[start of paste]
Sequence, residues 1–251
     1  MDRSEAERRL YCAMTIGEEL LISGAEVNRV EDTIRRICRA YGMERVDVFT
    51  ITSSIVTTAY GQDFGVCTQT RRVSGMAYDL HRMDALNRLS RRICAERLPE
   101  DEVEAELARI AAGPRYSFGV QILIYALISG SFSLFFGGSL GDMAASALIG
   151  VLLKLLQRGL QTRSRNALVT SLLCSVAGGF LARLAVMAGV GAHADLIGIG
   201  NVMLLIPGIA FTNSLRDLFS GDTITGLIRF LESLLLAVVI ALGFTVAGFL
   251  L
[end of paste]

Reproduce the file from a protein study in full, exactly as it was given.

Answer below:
Sequence, residues 1–251
     1  MDRSEAERRL YCAMTIGEEL LISGAEVNRV EDTIRRICRA YGMERVDVFT
    51  ITSSIVTTAY GQDFGVCTQT RRVSGMAYDL HRMDALNRLS RRICAERLPE
   101  DEVEAELARI AAGPRYSFGV QILIYALISG SFSLFFGGSL GDMAASALIG
   151  VLLKLLQRGL QTRSRNALVT SLLCSVAGGF LARLAVMAGV GAHADLIGIG
   201  NVMLLIPGIA FTNSLRDLFS GDTITGLIRF LESLLLAVVI ALGFTVAGFL
   251  L